Matthew F Smith

Matthew Smith is a reporter and producer of WGCU’s Gulf Coast Live.

Originally from Delaware, he moved to Alaska in 2010 for his first job in radio. He spent five years working as a radio and television reporter, as well as a radio producer, talk show host, and news director at stations across Alaska, where his reporting received awards from the Alaska Press Club and the Alaska Broadcasters Association. Relocating to southwest Florida, he spent several months producing television news before joining WGCU as the Gulf Coast Live producer in August 2016.

Matthew studied English and journalism at Villanova University in Villanova, PA, where he wrote for the school newspaper and other school publications. He taught English as a Second Language for several years before pursuing a career in journalism.

An opioid overdose is an alarmingly frequent call for paramedics and firefighters in South Florida. But according to WLRN reporter Peter Haden, many of those victims came from outside the state to seek treatment for their addiction. With relapses topping 80 percent, many who arrive seeking help today can become tomorrow's overdose victim.

While most of the complaints about Southwest Florida's recent rainy weather center on the comeback of the annoying mosquito, the rain brings out another animal that can pose a serious threat to dogs: the cane toad, whose poison glands can sicken pets. Even the tadpoles can be highly toxic if ingested. 

World Elder Abuse Awareness will be commemorated Thursday, Jun. 15, and while seniors are often targets for scams and exploitation, health officials say elder self-neglect is a growing concern, a state where a person is no longer able to take proper care of themselves because of physical or mental impairment.

The first case of canine influenza, or "dog flu," was confirmed in Florida this week. More than a dozen cases of the highly contagious H3N2 canine flu virus has been identified in northern and central Florida since the first diagnosis, including cases in the Orlando area.

Hoping to get ahead of potential Zika outbreaks, Planned Parenthood of Collier County is launching a new education initiative aimed at prevention. While anyone is a target for a mosquito carrying the virus, the awareness program aims to help women protect their unborn children from the virus in underserved communities like Immokalee.

The first few months after having a baby is usually referred to as the “fourth trimester,” and while it’s a time of tremendous growth for baby, it’s a time when moms undergo a steep learning curve.  To help provide support during that time, Lee Health has introduced a new, bi-weekly program for new moms called the “Fourth Trimester Club”.

A saliva swab collected from a patient’s cheek can tell doctors what kinds of drugs will work best for a patient. It's the promise of pharmacogenomics, the science behind matching a patient's genetic profile with right medicine—and avoiding drugs that could actually harm them.

South Florida's clean water crisis often focuses on large-scale topics like Lake Okeechobee, but Southwest Florida water watchers say the conversation must also include smaller-scale bodies of water: the health of ponds, lakes, and canals that dot the landscape across the region.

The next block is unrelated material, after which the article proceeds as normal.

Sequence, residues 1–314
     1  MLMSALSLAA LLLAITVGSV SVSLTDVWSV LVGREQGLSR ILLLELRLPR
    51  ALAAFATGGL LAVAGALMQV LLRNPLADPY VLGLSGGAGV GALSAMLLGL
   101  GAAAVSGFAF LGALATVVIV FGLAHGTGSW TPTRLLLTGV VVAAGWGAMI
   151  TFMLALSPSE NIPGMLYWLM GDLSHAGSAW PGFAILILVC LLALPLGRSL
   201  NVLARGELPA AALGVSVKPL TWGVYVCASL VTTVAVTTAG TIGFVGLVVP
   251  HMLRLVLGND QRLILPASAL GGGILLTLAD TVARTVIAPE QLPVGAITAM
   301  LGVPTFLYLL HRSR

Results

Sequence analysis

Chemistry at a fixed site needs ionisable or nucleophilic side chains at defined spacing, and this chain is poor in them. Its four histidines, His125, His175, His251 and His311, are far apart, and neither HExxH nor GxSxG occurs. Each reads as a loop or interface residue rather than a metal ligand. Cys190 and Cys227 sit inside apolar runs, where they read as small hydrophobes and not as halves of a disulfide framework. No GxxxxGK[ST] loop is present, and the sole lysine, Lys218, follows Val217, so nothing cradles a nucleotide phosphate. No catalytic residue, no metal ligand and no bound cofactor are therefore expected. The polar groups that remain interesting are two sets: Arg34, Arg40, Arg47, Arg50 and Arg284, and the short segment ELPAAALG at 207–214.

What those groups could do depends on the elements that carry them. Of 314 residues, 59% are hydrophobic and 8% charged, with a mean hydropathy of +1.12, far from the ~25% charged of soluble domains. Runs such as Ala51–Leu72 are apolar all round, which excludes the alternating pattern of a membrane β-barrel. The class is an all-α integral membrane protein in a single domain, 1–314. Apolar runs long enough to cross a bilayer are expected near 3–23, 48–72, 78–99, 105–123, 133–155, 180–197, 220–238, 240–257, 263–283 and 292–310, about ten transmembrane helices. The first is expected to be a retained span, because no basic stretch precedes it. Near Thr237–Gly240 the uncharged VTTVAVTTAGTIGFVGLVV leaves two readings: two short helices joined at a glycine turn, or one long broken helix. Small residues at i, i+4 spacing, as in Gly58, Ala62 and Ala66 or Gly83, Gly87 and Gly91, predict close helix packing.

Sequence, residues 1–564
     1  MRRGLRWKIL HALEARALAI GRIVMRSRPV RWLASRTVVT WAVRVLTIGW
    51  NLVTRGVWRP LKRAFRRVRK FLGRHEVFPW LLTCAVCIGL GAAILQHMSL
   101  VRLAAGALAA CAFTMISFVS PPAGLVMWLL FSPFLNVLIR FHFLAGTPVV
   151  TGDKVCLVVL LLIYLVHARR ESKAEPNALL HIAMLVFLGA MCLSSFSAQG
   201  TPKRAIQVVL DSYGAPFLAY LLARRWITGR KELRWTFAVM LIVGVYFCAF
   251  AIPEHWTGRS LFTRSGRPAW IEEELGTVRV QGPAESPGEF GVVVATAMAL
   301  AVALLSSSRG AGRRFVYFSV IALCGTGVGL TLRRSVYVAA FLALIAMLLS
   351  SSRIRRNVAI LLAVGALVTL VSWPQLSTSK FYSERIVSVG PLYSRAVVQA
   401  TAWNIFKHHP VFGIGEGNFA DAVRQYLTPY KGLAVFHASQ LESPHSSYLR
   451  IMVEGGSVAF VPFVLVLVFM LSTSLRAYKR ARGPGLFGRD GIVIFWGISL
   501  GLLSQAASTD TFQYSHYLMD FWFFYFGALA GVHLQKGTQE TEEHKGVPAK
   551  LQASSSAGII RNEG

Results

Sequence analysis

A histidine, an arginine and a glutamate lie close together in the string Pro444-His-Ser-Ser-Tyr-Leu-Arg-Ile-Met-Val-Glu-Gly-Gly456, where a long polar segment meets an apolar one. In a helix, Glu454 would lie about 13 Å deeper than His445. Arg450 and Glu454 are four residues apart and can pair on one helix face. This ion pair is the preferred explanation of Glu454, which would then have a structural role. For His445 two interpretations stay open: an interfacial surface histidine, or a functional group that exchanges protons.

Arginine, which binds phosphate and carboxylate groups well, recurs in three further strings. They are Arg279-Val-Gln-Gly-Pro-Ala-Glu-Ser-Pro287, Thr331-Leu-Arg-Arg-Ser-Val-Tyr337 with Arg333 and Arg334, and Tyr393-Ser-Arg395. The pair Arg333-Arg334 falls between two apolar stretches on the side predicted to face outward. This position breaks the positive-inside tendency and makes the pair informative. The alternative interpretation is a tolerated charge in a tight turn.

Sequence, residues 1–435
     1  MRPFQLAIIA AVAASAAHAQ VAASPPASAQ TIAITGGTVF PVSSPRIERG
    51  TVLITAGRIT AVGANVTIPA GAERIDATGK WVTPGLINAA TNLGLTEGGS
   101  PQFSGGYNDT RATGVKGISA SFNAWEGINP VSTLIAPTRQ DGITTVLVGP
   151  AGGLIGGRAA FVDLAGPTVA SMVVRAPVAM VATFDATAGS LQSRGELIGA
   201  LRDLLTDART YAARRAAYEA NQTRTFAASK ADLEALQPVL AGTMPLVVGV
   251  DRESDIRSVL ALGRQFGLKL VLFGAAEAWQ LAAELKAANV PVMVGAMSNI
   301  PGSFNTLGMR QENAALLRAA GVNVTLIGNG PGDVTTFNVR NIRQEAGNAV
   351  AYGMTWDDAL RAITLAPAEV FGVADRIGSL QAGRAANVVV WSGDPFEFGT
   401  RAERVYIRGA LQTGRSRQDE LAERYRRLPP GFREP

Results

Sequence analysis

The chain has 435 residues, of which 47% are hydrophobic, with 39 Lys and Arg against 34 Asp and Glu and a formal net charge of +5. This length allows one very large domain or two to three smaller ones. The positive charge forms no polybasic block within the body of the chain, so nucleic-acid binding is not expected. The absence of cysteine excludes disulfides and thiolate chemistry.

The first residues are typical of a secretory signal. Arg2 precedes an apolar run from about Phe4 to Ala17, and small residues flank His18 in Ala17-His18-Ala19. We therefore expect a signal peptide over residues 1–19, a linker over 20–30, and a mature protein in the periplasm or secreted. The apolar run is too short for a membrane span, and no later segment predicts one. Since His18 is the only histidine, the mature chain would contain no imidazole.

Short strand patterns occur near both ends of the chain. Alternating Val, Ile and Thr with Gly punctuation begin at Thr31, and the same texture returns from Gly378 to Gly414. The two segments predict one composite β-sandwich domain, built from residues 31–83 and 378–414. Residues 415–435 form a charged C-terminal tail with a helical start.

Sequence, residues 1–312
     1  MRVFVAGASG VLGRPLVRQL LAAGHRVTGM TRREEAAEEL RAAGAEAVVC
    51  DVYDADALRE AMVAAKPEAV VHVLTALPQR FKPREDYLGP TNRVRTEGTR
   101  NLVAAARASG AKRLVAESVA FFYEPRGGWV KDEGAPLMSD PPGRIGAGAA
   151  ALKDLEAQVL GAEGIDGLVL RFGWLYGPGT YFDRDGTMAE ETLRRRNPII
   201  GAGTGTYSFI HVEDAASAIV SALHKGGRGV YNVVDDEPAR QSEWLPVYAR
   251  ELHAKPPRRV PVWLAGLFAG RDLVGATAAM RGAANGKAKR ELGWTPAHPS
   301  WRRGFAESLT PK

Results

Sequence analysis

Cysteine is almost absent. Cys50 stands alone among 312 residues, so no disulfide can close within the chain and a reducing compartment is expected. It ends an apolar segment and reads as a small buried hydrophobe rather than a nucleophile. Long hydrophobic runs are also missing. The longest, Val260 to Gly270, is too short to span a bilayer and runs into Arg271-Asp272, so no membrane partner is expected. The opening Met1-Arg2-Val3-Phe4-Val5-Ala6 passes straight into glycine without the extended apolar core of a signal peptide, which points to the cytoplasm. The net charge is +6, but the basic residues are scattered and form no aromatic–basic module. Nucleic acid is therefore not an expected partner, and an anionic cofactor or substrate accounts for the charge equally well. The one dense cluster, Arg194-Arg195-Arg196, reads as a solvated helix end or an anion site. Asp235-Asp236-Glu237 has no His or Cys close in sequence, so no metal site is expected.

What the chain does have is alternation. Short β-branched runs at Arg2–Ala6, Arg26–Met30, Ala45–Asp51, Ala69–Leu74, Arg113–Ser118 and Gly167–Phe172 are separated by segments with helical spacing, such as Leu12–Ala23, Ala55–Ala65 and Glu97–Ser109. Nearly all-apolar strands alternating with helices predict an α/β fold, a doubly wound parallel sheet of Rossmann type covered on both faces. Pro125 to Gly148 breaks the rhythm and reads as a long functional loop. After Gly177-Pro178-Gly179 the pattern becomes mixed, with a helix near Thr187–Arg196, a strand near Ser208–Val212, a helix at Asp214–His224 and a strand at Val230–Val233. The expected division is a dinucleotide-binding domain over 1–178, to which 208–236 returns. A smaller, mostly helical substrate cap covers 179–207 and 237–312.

Despite a months-long season for red snapper in state waters off Florida and other Gulf states, fisherman across the Gulf of Mexico are gearing up to protest a brief three-day opening to catch the prized fish in federal Gulf waters. Fishermen argue a short opening hurts businesses and hampers anglers across the Gulf, but fishery managers say a small window is important to preserve a species still recovering from overfishing.

Just this month Brazil—the country where experts say the Zika virus first arose—ended its nationwide health emergency related to the virus. The World Health Organization took a similar step in November. But as the summer mosquito season in Florida begins, the threat from Zika remains acute for South Florida and other parts of the world where the mosquitoes carrying the virus can be found.

It’s been six months and a full legislative session since the Florida Kids Count survey ranked the quality of life for children in the state among the lowest in the country. Now that lawmakers have gone home, what's changed?

Women are frequently encouraged to learn self-defense techniques, evaluate dangerous situations, and to remain alert for potential predators. The emphasis is often on ways potential victims can avoid victimization, but one Southwest Florida forensic consultant argues the conversation should focus instead on predators, and giving the community options in identifying potential offenders.

There's a growing need for blood in Southwest Florida during the summer months. A traditionally low point for demand in the area, blood banks say they're seeing the expected drop-off in donations every summer but no slowing of the demand.

On his first day at work at Lee Memorial Hospital, 44 years ago, Jim Nathan wrote that he expected the job to last just a year, long enough to meet a requirement for his masters degree. Now, after more than four decades with Lee Health, including more than 30 years as its president and CEO, 70-year-old Nathan is stepping down from the job June 1.